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LaSalle Street Traffic


Aerial of Downtown

 

 

 

 

 

 

 

 

 

 

 


I&M Canal Trail

A safe, convenient, and efficient circulation system is vital to the economic well being and quality of life in Ottawa. An effective system must not only be capable of accommodating present and future traffic volumes, it should also serve the public by connecting living areas with employment, shopping, medical and recreational facilities. The transportation system must meet the needs of business and industry by linking those activities with essential services and distant markets. The total transportation system should be multi-modal including local and transient vehicular traffic, pedestrian ways and bicycle circulation, rail service for transport of goods, water transports, as well as the potential to restore commuter rail service to Ottawa.

Several federal and state highways run through Ottawa. I-80 is located in the northern portion of the City, and Illinois Routes 23 and 71 transect the City. Illinois Route 23 runs north-south while Illinois Route 71 runs from the northeast to the southwest. Illinois Routes 23 and 71 travel directly through the downtown bringing a large amount of traffic through the center of Ottawa. U.S. Highway 6 is located slightly north of the downtown and travels east and west. The development of these major roadways combined with the earlier means of transportation and the Illinois and Fox Rivers, helped Ottawa gain importance as a regional transportation hub.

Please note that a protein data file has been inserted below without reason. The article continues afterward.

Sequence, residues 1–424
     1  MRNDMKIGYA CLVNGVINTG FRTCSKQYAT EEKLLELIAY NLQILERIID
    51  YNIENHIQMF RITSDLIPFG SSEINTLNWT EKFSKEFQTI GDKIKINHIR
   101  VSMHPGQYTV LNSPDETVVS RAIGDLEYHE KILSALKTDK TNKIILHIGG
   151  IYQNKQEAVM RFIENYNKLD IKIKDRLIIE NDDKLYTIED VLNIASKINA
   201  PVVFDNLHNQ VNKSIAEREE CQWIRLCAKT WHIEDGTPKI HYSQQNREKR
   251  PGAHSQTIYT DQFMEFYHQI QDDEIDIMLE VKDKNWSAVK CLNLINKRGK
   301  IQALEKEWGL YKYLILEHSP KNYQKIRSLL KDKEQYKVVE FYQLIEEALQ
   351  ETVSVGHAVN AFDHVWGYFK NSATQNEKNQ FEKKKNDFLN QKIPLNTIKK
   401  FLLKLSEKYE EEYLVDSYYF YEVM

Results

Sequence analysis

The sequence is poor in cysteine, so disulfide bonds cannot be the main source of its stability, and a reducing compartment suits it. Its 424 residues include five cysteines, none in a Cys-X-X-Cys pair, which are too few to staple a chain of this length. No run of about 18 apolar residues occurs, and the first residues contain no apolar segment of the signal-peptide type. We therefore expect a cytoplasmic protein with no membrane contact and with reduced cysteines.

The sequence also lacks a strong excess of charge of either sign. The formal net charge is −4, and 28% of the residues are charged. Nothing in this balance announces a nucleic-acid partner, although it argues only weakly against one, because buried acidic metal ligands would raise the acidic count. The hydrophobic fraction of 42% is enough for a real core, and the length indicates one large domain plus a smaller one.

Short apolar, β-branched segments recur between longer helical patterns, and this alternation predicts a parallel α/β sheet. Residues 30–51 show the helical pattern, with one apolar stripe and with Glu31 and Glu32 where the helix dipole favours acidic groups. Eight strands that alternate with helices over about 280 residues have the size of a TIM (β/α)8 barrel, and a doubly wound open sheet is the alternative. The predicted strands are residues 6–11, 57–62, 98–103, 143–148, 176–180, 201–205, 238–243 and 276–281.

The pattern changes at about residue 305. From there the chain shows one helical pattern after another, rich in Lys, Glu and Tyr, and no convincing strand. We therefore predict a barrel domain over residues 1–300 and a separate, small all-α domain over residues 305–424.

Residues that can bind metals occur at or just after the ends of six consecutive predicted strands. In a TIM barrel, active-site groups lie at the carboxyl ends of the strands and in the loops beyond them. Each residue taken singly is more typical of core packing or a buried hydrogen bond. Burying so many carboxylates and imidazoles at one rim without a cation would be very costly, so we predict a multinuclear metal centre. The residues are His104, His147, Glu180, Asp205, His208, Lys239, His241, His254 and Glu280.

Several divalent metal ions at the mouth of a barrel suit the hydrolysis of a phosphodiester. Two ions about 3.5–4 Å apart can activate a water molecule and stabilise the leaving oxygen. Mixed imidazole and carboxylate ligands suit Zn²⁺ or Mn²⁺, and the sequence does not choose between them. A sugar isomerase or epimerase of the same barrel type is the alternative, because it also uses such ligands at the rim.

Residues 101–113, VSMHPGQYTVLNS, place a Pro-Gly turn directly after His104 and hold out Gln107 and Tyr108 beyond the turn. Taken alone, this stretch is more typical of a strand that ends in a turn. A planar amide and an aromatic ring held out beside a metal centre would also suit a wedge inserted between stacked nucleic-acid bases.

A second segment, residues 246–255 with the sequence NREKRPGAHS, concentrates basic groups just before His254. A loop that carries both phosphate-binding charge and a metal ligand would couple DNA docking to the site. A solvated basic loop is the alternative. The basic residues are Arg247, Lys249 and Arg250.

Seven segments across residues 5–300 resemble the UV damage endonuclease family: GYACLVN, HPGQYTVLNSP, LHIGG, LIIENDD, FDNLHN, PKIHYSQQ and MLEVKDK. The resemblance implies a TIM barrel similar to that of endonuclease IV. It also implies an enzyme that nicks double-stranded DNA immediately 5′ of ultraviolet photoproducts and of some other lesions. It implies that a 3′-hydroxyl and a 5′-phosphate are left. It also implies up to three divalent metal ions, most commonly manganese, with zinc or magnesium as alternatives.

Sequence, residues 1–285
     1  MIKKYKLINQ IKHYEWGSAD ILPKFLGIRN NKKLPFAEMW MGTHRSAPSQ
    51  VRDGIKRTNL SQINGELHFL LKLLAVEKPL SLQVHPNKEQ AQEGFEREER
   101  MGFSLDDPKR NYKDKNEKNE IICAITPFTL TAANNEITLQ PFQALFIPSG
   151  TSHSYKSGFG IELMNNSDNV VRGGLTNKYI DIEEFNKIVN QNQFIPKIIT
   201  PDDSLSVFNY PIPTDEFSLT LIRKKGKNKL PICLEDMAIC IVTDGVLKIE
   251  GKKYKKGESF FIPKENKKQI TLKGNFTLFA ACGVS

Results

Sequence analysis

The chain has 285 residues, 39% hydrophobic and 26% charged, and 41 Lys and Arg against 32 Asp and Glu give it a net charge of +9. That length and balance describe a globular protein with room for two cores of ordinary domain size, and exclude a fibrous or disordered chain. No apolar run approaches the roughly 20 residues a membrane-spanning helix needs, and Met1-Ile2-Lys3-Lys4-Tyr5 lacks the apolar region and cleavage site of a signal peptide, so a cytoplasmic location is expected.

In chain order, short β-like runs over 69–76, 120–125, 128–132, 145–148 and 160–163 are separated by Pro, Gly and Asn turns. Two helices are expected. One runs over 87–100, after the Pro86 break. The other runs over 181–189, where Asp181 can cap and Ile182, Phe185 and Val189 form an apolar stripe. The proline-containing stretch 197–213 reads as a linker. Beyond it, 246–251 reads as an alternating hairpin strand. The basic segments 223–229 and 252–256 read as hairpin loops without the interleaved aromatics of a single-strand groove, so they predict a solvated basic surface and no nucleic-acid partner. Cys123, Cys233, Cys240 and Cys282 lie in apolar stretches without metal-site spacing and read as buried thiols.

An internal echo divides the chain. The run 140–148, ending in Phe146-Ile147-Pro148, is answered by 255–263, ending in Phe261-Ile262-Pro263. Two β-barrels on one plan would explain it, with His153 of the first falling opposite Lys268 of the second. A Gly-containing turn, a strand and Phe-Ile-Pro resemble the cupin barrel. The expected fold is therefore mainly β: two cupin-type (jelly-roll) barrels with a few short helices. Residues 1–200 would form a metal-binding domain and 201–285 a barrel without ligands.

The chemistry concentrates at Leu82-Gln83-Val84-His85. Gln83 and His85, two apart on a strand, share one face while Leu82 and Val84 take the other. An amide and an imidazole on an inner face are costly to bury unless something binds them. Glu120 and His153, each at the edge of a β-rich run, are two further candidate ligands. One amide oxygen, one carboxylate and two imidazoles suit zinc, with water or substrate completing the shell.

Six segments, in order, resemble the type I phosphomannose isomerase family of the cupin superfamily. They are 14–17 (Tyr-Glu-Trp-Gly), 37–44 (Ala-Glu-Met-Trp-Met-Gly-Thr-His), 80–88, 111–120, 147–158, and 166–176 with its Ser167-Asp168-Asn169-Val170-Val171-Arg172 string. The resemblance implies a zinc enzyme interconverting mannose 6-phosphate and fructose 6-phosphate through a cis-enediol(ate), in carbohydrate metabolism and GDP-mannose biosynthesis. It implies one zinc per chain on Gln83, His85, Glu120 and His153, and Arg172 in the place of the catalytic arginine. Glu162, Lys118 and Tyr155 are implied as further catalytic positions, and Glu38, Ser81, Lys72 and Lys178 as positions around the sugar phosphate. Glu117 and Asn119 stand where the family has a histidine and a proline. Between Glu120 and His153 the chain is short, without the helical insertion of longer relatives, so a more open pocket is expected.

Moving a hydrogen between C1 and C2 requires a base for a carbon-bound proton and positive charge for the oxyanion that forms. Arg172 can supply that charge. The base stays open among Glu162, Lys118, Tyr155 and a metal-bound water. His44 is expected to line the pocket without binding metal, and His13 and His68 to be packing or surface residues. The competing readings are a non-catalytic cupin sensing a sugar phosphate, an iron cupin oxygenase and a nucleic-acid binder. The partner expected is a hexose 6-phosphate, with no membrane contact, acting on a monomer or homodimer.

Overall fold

One type of circulation that Ottawa should promote and utilize to its full potential is the I&M Canal Trail that is used by bicyclists, hikers, crosscountry skiers and snowmobiles. The trail uses the historic I&M Canal tow path, and is part of the Grand Illinois Trail. The Canal Trail will be connected to the downtown through the Riverwalk Trail to help link pedestrians to the downtown.

The City of Ottawa is currently working on several projects dealing with transportation in and around Ottawa. The first is the potential for a commuter rail line that would utilize the existing train station and CSX line. A feasibility study is underway to determine the potential need for commuter rail service. The counties involved are Will, Grundy and LaSalle. The proposed commuter rail service would run 59 miles from Joliet Union Station to a terminal station in the LaSalle-Peru area, passing through Minooka, Channahon, Morris, Seneca, Marseilles, Ottawa and Utica.


CSX Train Station